David Teniers the Younger
After Sale of the 9th Auction
After Sale Price: € 12.640
David Teniers the Younger
Antwerp 1610 – 1690 Brussels
The Temptation of St. Anthony
Oil on canvas, relined
57 x 84 cm, with frame 78 x 103 cm
Provenance: Owner’s labels on the reverse from Dr. A. Berg.
This work depicts the temptation of St. Anthony, a pictorial theme that enjoyed great popularity from the Middle Ages onwards. Satan shows mirages to the saint to remind Anthony of the pleasures of life that he has given up because of his ascetic lifestyle. This work can be attributed to the workshop of the Flemish painter David Teniers the Younger. Most of his oeuvre depicts images from the life of St Anthony and his temptation. A striking comparative example in a modified version is the painting of the same name, which was painted around 1645 and is now in Dresden (Staatliche Kunstsammlungen Dresden, gal. no. 1079).
The action is set in a rocky cave. Saint Anthony in a long habit kneels praying before a crucifix standing on a piece of rock. Typical attributes of a hermit such as a skull, an hourglass, and other books on the floor in front of him are also shown. However, his gaze is cast backwards over his shoulder: a male figure crowned with horns, which can be identified as the devil, points with his right hand, fingernails sharpened into claws, to a woman in a luxurious robe holding a wine glass, positioned in the centre of the picture. At first glance, it may not be apparent here that she has bird feet with claws – so we are dealing with a demon-like creature here. Anthony’s gaze is directed at this very woman; however, the halo above his head already indicates that he will not give in to erotic temptation or that of wine. Behind the woman, in the darkened left corner of the picture, a seated figure is shown in front of the cave opening, holding a long staff with a burning object on it. On closer inspection, its face is revealed as a dog-like grimace with an elongated snout and pointed teeth.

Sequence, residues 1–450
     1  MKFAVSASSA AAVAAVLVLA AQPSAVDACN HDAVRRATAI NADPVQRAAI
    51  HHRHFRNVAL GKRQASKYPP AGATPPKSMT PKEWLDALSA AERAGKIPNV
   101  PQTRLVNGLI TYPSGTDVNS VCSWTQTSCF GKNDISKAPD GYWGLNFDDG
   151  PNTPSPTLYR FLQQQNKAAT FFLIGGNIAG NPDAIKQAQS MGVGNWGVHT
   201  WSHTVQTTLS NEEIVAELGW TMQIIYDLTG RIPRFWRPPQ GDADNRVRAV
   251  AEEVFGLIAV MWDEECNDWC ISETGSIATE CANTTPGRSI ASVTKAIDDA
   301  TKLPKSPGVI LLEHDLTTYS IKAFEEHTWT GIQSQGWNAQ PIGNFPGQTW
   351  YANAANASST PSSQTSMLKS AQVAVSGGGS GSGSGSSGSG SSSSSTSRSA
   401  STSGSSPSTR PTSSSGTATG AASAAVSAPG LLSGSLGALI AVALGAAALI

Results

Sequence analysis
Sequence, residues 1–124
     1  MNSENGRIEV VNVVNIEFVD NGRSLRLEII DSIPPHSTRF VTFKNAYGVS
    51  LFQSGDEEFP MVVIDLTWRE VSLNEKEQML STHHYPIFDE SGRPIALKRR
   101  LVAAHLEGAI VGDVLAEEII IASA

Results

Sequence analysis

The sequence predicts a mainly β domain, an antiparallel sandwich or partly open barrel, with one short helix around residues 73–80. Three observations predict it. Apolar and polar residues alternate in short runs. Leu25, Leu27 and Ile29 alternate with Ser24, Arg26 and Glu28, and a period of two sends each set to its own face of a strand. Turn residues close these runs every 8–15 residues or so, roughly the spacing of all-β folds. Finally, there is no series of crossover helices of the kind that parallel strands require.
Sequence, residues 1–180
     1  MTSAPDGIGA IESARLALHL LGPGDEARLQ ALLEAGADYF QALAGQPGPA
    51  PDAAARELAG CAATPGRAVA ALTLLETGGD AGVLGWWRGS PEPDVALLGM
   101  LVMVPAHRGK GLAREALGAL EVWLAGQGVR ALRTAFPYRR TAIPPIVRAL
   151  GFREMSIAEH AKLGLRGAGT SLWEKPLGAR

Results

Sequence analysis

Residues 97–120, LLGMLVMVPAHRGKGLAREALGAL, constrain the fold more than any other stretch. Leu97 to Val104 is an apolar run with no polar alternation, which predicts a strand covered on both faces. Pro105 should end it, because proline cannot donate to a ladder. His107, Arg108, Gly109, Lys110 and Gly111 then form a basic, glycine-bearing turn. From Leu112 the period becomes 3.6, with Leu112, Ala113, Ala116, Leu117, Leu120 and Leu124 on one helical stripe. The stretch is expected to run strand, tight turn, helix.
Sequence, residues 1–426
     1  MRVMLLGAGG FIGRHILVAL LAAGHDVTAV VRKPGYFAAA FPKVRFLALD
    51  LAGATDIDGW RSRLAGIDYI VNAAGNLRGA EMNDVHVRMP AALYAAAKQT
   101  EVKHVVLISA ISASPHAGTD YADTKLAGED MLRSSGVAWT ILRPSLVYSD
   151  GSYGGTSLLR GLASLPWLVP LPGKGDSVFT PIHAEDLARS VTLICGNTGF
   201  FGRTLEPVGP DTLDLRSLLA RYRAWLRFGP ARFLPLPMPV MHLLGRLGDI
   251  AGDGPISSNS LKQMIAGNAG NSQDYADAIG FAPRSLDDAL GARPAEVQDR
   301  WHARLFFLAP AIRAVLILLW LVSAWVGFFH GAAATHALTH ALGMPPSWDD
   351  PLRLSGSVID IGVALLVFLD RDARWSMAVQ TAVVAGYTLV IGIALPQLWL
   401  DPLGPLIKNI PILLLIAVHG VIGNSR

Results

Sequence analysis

In general, the cave is buzzing with bizarre animals and hybrid creatures, which give the scene a humorous-comic component rather than a frightening effect. Here we can see borrowings from Hieronymus Bosch (c. 1450-1516) and his fantastic imagery. A spider-like creature hides above the saint; a little owl sits on the books in the foreground. In the upper part of the scene, above the heads of the figures, a bat, a dragonfly, and a fish creature are buzzing around. A crowd of dog-, rabbit-, and reptile-like creatures seem to have entered the cave in a kind of procession; the one closest to the saint is even tugging at its robe. A lute-playing human being also seems to have mingled with them. A crab creature sits in the central foreground, looking head-on at the viewer and introducing them to the painting. This group of animal creatures transforms the subject of the painting into an entertaining narrative with a well-thought-out composition and carefully placed colour accents that give the action a dynamic liveliness. Typical of works by Teniers the Younger is the brownish palette, which here already merges into golden ochre and thus corresponds to works from the painter’s golden age.
Helge Siefert, Zum Ruhme des Helden. History and Genre Painting of the 17th and 18th Century, Munich 1993.
David Teniers, in: Flemish Paintings in the Metropolitan Museum of Art, New York 1984.
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